Life on the Japanese Farm

We had expected that working on the farm might be challenging given that we did not speak Japanese, but we quickly settled in. Takao-san’s English was excellent, so our instructions were clear, and he was full of fascinating stories. We learned his English was so good because he had spent two years in Zambia with the Japanese-equivalent of the Peace Corps. He arrived having not spoken English since high school more than ten years before and left fluent. By contrast Hisami-san and Grandpa did not speak much, if any English, but they still made us feel welcome. And little Mi-chan kept us entertained. She was the most animated person we have met… possibly ever! Eric thought she was just like a real-life anime character. She could be hilariously silly, but she could also go from calm to mad in a single second. This was all the more amusing because we never had any idea what she was mad about.

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Integrated Rice and Poultry Farming in Azumino

The Japanese farm on which we had agreed to volunteer was located in Azumino in Nagano prefecture. We had chosen this farm because we liked the description on the WWOOFing website and the bonus that the woman was a chef. Somehow, besides a bullet point that mentioned “meat processing”, the description did not actually say much about what the farm did, so there was little indication of how we were going to spend the next ten days.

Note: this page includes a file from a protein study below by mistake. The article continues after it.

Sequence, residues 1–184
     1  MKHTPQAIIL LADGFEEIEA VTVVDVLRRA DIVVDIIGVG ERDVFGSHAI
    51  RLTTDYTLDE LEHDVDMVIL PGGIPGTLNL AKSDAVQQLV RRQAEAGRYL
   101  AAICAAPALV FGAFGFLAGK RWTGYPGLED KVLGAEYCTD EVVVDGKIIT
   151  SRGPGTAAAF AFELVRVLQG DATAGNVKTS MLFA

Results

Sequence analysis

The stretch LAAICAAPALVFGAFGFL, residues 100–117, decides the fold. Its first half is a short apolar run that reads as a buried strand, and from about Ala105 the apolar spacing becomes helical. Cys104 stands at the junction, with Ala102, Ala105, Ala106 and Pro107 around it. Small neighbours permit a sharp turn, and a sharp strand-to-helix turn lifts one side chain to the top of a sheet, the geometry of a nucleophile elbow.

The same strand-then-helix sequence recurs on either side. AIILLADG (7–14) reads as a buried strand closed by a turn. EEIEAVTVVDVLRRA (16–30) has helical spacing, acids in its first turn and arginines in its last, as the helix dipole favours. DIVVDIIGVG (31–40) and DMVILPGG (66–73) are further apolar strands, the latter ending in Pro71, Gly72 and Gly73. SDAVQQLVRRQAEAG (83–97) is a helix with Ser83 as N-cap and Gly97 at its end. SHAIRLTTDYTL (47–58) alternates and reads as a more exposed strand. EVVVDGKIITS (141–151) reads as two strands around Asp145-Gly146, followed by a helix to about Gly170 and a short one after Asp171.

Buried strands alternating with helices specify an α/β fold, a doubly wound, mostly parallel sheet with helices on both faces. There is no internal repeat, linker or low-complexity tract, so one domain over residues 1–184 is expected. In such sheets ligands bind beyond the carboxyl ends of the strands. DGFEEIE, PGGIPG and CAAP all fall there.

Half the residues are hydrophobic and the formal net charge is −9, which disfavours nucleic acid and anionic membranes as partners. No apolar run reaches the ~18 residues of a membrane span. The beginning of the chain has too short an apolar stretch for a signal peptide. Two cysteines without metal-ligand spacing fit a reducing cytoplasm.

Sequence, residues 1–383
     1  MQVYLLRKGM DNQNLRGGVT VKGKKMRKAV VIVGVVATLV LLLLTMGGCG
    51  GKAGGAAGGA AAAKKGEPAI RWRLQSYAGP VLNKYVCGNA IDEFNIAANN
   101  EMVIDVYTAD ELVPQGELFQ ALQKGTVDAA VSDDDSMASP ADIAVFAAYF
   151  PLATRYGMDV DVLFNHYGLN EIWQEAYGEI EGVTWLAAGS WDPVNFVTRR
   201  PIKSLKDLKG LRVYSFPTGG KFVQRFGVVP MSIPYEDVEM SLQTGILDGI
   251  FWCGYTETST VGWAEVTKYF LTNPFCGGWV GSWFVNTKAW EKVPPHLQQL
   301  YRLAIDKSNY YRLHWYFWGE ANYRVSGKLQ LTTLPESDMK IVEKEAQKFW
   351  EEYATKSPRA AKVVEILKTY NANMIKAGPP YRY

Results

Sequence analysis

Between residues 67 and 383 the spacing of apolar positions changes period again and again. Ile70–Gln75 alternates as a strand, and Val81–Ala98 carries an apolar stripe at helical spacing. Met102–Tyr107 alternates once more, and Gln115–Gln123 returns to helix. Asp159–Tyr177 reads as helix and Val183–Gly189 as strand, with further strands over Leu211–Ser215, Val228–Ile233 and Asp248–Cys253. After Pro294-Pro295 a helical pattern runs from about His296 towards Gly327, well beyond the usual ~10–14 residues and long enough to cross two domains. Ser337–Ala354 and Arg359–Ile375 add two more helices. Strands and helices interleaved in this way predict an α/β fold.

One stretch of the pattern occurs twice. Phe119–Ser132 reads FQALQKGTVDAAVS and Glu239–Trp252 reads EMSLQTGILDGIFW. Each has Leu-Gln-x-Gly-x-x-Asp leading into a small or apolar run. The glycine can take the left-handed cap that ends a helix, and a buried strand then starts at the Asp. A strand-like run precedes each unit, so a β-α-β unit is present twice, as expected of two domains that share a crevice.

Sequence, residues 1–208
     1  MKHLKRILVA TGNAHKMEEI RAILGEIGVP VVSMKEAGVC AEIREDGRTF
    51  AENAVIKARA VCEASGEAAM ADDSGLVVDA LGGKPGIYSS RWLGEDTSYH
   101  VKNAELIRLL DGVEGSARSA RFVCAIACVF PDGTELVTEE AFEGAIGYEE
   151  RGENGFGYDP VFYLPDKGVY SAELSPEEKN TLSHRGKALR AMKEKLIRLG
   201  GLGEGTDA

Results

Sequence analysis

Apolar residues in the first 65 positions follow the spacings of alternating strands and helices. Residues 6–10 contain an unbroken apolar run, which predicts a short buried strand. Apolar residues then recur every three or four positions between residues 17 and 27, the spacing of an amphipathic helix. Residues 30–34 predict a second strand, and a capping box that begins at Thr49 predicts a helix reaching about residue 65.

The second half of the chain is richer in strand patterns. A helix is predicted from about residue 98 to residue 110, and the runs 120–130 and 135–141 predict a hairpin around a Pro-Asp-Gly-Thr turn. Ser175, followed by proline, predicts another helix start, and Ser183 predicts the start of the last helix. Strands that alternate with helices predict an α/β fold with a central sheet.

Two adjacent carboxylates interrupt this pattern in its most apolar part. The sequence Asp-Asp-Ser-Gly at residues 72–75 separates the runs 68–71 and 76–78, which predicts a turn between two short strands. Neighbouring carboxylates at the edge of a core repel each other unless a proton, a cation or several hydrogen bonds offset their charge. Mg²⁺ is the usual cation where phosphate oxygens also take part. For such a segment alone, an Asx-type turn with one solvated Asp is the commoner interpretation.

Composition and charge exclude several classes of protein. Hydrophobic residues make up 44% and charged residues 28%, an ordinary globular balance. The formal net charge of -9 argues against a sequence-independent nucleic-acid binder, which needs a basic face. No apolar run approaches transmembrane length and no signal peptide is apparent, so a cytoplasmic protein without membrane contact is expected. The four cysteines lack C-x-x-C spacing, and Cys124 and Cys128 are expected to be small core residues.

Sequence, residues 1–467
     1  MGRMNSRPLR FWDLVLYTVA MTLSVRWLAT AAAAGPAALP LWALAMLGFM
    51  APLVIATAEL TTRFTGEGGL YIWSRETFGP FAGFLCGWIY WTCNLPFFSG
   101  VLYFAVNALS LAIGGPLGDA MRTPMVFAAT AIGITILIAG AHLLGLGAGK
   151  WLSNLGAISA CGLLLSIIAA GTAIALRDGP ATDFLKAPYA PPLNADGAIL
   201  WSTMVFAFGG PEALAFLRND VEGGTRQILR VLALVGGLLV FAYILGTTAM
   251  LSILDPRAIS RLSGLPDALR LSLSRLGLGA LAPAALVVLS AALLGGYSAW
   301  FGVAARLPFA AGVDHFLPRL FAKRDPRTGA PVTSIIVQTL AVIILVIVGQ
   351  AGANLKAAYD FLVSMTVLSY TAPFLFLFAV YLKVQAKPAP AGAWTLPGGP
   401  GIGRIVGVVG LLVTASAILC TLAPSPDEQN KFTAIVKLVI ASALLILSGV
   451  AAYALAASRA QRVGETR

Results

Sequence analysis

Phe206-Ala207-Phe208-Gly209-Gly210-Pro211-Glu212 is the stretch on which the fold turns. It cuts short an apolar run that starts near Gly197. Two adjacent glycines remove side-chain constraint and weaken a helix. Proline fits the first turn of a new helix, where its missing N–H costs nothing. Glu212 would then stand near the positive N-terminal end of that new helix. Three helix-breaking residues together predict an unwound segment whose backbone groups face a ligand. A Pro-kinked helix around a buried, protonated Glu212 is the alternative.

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WWOOFing in Abancay

We caught the bus to Abancay for another WWOOFing opportunity without really knowing what we would be arriving to. We’d had a miscommunication with our original intended host, Karol, who now had some French WWOOFers arriving and didn’t have room for us in his house. He felt bad reneging on his “agreement” with us even though it was our fault for not being more responsive, so he offered we could stay in a “tree house” with his friend who also does WWOOFing.

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WWOOFing Is Working

For the last two weeks we have been volunteering on a winery in Valle de la Concepción just outside of Tarija in exchange for free accommodation and lunch. We were expected to work six hours a day, six days a week with Sundays off. March is harvest season, so our timing was perfect and we got to see most of the wine making process. The winery is an artisanal operation where virtually everything is done manually. It’s hard to convey how manual the whole process is.

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